Jet fuel is the umbrella term used for liquid fuel types of various specifications that are commonly used for in aviation (see also Aviation Fuels). They are primarily intended for the gas turbine engines of airliners, jets or helicopters, but specially adapted diesel engines for small aircraft have also used this type of fuel since the early 2000s.
Jet fuel is very similar to kerosene (petroleum).
Jet fuels are produced from crude oil using fractional distillation in refineries. This process involves gradually heating the crude oil. When the boiling point of a certain component – a “fraction” – of the crude oil is exceeded, it passes into the gas phase. Jet fuel is a middle distillate with a boiling point between 175°C and 288°C. This type of fuel contains few light or heavy hydrocarbons. The chains are between 9 and 17 carbon atoms long, with the most hydrocarbon molecules in the fuel containing between 10 and 13 carbon atoms. As a result, the density of this colorless to light-yellowish fuel ranges between 0.747 and 0.84 g/cm3, so in most specifications, its density is higher than that of gasoline and lower than that of diesel fuel. The specific energy of the fuel Jet A1 is 43.1 MJ/kg. In contrast to diesel or gasoline engines, it is continuously combusted in the aircraft turbines and therefore causes comparatively few residues. Jet fuel exhaust mainly consists of carbon dioxide, some water vapor, and lots of hot air.
To improve the fuel properties for flight operation, especially at high altitudes, and to prevent damage to the turbines, certain additives are used in jet fuel (including to protect against frost and corrosion and prevent static charging). This addition of additives differentiates jet fuel from lighter fractions of kerosene (petroleum). By far the world's most commonly used aviation fuel made from kerosene is Jet A1, also called jet fuel.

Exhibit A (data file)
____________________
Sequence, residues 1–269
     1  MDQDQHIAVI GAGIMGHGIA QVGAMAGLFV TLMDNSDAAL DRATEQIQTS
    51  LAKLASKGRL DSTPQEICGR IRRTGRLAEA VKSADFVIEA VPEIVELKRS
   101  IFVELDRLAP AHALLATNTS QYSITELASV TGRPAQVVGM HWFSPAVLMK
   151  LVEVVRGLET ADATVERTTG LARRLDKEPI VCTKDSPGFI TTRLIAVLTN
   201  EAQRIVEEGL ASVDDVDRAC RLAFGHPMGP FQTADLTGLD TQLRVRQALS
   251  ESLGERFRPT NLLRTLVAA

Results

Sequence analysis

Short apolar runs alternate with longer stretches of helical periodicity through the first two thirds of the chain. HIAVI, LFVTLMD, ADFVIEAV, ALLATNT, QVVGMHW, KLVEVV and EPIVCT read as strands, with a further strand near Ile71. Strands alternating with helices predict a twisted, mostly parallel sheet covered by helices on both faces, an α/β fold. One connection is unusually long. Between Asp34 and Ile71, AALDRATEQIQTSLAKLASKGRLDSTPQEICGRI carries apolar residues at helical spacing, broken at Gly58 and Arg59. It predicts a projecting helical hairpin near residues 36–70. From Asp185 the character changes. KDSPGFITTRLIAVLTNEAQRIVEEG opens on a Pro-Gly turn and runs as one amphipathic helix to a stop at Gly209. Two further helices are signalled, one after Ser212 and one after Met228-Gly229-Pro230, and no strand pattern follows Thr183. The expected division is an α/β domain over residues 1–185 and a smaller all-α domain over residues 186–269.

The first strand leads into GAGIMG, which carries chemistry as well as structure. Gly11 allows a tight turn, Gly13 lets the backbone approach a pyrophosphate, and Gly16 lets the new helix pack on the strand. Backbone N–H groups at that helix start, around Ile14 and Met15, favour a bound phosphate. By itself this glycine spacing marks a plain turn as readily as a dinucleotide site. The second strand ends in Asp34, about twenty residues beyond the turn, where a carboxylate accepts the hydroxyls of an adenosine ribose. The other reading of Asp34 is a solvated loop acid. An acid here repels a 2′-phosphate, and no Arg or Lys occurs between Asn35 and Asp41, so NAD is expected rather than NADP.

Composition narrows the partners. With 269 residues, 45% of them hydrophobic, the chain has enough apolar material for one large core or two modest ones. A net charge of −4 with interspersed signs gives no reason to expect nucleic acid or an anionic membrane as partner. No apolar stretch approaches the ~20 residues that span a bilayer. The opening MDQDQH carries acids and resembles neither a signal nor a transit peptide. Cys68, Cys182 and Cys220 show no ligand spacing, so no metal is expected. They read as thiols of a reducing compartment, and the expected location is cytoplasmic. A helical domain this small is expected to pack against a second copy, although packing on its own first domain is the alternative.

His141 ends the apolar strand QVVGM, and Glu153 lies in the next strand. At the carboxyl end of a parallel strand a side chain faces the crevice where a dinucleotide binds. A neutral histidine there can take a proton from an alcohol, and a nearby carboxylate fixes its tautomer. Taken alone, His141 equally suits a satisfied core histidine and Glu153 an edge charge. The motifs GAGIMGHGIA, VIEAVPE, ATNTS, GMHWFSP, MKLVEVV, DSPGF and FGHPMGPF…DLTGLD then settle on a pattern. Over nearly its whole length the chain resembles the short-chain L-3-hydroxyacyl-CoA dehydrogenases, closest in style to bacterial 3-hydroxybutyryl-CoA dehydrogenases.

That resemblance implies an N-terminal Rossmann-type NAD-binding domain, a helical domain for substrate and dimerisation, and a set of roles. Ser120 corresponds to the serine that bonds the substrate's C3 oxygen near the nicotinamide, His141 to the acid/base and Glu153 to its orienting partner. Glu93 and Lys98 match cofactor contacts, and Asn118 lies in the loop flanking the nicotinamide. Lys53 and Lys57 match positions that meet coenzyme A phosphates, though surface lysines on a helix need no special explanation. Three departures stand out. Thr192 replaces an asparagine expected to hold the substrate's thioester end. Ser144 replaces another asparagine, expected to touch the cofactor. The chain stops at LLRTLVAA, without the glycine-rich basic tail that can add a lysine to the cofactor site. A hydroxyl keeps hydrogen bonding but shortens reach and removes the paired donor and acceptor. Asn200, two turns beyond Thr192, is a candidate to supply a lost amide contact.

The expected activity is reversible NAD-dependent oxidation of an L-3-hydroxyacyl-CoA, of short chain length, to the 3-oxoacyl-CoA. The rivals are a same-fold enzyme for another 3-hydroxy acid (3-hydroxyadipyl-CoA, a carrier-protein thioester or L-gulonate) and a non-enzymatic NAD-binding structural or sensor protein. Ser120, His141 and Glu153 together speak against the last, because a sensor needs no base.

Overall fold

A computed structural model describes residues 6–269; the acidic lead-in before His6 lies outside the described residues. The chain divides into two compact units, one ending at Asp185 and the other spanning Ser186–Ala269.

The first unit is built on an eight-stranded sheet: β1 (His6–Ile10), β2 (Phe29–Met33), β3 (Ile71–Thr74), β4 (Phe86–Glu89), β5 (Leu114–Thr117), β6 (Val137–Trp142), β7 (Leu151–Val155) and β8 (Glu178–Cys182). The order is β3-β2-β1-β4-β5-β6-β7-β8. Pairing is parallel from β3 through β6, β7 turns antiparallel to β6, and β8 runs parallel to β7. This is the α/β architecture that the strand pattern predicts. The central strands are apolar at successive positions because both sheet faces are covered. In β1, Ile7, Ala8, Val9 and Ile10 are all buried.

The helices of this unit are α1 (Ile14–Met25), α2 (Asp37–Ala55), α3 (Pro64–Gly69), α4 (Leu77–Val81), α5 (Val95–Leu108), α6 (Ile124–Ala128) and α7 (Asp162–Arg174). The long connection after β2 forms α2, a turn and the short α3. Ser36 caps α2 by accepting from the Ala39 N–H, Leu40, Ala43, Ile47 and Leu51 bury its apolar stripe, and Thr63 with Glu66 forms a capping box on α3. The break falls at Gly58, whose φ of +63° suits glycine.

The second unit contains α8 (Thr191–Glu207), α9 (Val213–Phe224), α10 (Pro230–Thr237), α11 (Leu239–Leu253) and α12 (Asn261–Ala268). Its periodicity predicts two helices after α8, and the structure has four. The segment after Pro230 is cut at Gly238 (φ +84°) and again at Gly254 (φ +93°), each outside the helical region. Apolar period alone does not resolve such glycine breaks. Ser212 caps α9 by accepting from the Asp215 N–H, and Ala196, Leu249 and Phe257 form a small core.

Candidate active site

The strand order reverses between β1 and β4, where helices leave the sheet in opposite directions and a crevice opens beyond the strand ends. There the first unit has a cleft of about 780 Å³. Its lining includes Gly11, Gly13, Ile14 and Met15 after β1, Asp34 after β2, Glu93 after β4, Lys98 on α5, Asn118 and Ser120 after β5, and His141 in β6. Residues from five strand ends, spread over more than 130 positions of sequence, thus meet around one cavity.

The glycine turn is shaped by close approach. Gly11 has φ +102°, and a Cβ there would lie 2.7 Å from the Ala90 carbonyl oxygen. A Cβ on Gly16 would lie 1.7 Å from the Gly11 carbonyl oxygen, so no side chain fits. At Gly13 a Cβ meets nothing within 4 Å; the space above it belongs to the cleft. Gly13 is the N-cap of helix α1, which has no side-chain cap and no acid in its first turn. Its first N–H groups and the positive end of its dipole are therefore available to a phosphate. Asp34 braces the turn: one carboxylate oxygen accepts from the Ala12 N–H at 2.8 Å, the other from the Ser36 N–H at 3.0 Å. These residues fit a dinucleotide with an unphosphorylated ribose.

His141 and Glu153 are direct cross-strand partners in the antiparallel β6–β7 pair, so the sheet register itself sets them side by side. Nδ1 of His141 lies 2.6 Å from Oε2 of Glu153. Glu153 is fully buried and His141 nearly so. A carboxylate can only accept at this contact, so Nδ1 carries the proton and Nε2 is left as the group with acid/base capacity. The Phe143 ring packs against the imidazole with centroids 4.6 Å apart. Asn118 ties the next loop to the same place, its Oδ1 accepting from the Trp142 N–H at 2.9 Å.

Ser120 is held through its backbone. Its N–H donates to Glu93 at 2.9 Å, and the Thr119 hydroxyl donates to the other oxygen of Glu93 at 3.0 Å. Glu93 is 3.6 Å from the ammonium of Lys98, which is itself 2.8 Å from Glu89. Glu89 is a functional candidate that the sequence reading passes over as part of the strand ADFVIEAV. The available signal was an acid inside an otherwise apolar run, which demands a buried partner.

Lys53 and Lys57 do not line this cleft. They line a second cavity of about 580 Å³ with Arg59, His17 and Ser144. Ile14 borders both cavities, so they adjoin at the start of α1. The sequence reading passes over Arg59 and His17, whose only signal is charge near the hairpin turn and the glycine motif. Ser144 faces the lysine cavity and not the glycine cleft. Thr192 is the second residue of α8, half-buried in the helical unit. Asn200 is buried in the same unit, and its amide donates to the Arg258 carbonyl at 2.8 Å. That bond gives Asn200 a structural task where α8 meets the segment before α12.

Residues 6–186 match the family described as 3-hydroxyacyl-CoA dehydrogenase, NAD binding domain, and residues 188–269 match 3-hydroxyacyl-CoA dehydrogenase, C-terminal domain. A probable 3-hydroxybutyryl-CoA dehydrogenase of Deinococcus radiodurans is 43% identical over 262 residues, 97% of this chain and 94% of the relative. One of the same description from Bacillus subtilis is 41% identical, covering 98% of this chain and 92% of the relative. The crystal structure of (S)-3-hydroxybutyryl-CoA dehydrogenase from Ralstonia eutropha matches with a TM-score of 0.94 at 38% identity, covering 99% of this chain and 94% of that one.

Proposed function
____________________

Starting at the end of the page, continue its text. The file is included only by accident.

Please note that there is a difference to the German term “Kerosin” which refers almost exclusively to jet fuel and not to the English product “kerosene/kerosine.” The latter translates to “Petroleum” in German, which is a closely related product. In English and many other European languages, the fuel used in aviation for aircraft turbines is indicated with the word “jet” (as in Jet A1/Jet Fuel and Jet B). Therefore, the terms “kerosene/kerosine” and the German “Kerosin,” as well as petroleum, are often mistranslated, even in the technical literature.
The term “kerosene” is historically attributed to the Canadian physician, physicist and geologist Abraham Gesner who produced a highly flammable liquid from coal in Nova Scotia, Canada in 1846. Because a wax-like intermediate was produced during synthesis, Gesner called the liquid kerosene, after “keros” the Greek word for wax. In fact, it was petroleum.
Status: December 2016
All information subject to change. Errors and omissions excepted.